Showing posts from April, 2013

It Wasn't About the Runners. But It Was Definitely About the Marathon

In the aftermath of yesterday’s tragedy in Boston, I struggled to understand how I felt. I found some solace in the words of others; one review that did a stellar job of capturing in a few short words what the Boston Marathon means to runners . Another one offered a poignant description of how what happened was the antithesis of what running is all about . But even so, I felt that these words weren’t capturing what I was feeling. Like many, I watched the videos over and over, trying to find sense, trying to find a reason, trying to find something to make me think that things were ok, but the more you watch, the more you realize that for many, things may never be ok again. Finally, I realized what it was. What I’d been scared to admit. Watch the video from the finish line again. Or like me, just replay it in your mind. Now, at the moment just before things changed, pause it. Whisper to yourself, “There’s a bomb somewhere in this picture. Choose the safest place to be before you hi

Rumspringa 1/2 Marathon Race Report

So, three weeks after my hundred miler, my ankle is still far from great. Despite a cortisone shot, it's only allowing me up to 2 days of running in a row before soreness and swelling returns and I need 1-2 days off. Understand, I'm not disappointed or even particularly distraught. It simply "is what it is." If I couldn't run, that would be an issue. I can, but not as much as I would like. And that requires a certain reshuffling of spring goals. Originally, I had planned on doing the North Face 50 Mile in Bear Mountain, but that was my plan if I managed to sneak in 2 long runs after the 100. That didn't happen. Up until last week, I thought if I could manage a 20-25 miler last weekend I could go to the Iron Master's Challenge 50k at the end of the month, but by the end of the last week, I knew that wouldn't happen. So, I woke up bright and early Saturday AM and punted: I drove up to Adamstown for the Rumspringa 1/2 Marathon, my first 1/2 in 4.5 yea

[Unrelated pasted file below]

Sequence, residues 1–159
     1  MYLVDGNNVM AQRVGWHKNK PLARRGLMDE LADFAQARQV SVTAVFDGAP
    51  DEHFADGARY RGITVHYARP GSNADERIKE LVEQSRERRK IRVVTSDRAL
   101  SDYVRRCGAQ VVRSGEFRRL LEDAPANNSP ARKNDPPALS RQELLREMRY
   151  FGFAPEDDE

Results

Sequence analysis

Paying the Piper

In a post before my hundred mile race, I casually mentioned that I'd be ok with getting injured if I completed it. We should be careful what we're ok with. After 3 days of all over-achiness, I was left with some pulled muscle-tendony stuff in my left ankle, which is the opposite foot from the one I was concerned about before the race. I rested it for the remainder of the week, went on a 5 mile run, and promptly asked for (and received) a cortisone shot from my doc. Yesterday I ran 7 miles. Today I ran 7.5, but the foot is far from alright. In fact, it hurts fairly much. Mostly, I'm ok with being injured right now. The 100 miler was by the far the most important thing on my agenda. But still, I had 1 eye on the 50 mile North Face in NY in May, and another one on the 50k Iron Master's Challenge at the end of April. If I can't managed a long run by the middle of the month, both of those will need to go by the wayside. For the first time in a long time, I don&#

A Tale of 2 Races - Part 3 - NJ Ultra Fest 100 Mile Race Report

This is the final post of my 100 mile race report. You can read part 1 here and/or part 2 here . There are a lot of things that can derail an ultra. Dehydration, injury and fatigue are broad buckets of three of the greatest and being diabetic simply adds high and low blood sugars to the mix. But none of these concerned me more than nausea. Nausea has the ability to quickly put an end to an ultra race. In essence, not being able to keep fuel in your belly is like having a leak in a gas tank. It’s only a matter of time until you stop moving. And of course, my insulin strategies for the race were based on a regular intake of fuel. During my training, I had moved away from energy gels to solid food and had successfully avoided nausea on my long runs. This had been intentional as I had completed all of my ultras last year by doing a lot more energy gels, but beginning to feel bad by the end of them. During the first 70 miles of my 100 miler, my stomach had been an awesome shape, an